In secondary school, I was in a band with six other boys. We were all really good friends and used to practice with these huge amps. I was incredibly shy when I first started, so I was constantly being told to sing louder to compete with the amps, which taught me to belt it out. I’ve always naturally gravitated towards listening to huge female vocalists like Janis Joplin, Etta James and Beyoncé. The band went our separate ways once school was over. I had a gap year before uni, which is where I taught myself to produce and created Chinchilla. It’s all been go since then.
Would you describe Chinchilla as an alter-ego, exaggeration or end goal?
Chinchilla and I are very much one. It never felt like two separate people. She’s almost a permission for me. That’s how I would describe it. As I said, I used to be so shy and could only sing in front of people if it was behind a wall or a screen. Giving myself the name permitted me to be that larger than life person who lives inside me but sometimes gets buried.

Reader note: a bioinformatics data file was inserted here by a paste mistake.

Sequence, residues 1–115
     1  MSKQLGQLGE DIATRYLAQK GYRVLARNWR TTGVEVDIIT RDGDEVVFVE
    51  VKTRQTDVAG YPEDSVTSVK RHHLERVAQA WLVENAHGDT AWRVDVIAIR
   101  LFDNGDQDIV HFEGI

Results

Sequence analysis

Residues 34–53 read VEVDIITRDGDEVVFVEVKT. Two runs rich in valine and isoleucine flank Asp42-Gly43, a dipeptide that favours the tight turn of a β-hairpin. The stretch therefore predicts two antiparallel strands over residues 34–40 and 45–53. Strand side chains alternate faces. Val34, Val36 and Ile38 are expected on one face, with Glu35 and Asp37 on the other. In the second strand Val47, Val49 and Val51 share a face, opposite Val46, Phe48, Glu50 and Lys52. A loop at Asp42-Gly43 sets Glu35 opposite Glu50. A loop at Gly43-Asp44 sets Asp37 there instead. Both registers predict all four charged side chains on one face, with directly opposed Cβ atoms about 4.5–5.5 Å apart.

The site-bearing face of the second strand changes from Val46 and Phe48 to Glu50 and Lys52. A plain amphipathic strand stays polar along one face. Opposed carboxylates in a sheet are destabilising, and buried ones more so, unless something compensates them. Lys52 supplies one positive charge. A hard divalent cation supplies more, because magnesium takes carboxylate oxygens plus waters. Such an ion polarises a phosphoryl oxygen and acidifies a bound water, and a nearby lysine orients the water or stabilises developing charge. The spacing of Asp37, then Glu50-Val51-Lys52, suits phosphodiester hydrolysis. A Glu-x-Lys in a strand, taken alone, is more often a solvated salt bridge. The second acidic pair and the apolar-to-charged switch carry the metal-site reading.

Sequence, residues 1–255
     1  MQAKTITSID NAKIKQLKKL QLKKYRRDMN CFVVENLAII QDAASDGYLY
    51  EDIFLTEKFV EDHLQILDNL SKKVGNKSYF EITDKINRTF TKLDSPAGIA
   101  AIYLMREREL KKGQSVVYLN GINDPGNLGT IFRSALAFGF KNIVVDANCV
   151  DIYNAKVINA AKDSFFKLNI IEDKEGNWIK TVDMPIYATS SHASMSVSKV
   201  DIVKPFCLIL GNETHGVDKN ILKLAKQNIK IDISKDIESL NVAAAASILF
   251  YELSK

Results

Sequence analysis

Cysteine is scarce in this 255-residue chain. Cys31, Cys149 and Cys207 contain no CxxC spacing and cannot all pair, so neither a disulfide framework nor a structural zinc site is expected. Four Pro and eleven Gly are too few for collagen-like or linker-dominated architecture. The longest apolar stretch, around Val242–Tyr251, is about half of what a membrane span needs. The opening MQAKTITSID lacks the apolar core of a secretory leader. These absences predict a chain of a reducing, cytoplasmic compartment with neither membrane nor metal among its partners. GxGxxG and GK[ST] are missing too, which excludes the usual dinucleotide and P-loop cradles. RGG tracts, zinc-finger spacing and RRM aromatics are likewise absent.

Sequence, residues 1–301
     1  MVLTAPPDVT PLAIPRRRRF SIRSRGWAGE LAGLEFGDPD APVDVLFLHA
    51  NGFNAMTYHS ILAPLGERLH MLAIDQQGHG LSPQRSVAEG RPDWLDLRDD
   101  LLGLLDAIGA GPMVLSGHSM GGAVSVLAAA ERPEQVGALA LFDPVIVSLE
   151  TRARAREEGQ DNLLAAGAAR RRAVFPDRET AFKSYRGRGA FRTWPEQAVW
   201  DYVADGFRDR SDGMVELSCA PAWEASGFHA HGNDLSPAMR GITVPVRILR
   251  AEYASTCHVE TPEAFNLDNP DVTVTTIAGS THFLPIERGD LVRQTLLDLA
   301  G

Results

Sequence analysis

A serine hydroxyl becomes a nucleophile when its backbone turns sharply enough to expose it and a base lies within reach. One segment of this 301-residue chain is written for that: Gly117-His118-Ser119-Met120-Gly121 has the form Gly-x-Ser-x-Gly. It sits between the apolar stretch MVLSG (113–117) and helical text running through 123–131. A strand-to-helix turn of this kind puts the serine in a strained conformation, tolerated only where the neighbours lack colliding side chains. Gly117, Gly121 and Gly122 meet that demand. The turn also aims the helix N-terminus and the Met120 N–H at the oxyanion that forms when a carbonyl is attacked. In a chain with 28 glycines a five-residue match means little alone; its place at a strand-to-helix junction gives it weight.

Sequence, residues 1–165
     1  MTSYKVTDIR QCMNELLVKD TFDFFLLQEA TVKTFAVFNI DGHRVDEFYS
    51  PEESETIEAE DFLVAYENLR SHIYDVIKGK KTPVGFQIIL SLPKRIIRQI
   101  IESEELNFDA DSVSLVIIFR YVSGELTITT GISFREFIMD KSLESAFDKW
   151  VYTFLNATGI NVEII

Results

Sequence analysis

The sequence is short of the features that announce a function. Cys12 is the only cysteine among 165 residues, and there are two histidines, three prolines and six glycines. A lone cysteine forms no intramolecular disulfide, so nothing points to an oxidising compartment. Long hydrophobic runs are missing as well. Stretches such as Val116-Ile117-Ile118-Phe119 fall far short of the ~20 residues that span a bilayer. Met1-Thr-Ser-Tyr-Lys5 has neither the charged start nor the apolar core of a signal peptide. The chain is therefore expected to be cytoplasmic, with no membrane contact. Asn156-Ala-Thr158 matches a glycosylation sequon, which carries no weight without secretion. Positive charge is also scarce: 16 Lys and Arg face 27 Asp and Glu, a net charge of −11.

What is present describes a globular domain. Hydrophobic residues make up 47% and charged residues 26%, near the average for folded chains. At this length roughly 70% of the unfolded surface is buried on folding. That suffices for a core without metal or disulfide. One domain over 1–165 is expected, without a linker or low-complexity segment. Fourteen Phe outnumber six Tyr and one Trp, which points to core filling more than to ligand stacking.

So you recently released your latest single, ‘Fingers’. Can you tell us a bit about the inspiration behind the song and visuals?
I wrote it a while ago and have been sitting on the demo for a few years now. I remember the day of the songwriting session. I was feeling angry at how people were trying to crawl their way back into my life when they saw I was having a bit of success and moving forward in life. It made me insanely angry, and I wanted to capture that energy. We wanted to write a song that stylistically bridged the style of my ballads and upbeat tracks together, so we made the song have verses that are vulnerable and validating. The verses lure you into a false sense of security before the chorus shatters that completely.